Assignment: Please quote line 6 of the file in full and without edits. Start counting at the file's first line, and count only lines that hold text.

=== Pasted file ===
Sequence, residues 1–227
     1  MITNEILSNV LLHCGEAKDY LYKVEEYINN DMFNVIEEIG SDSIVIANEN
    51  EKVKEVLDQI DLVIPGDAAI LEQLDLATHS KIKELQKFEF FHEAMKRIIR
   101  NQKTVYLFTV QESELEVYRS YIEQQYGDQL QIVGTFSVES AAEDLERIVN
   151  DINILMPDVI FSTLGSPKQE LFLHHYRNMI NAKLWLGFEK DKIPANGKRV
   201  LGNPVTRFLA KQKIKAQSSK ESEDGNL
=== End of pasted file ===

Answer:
   201  LGNPVTRFLA KQKIKAQSSK ESEDGNL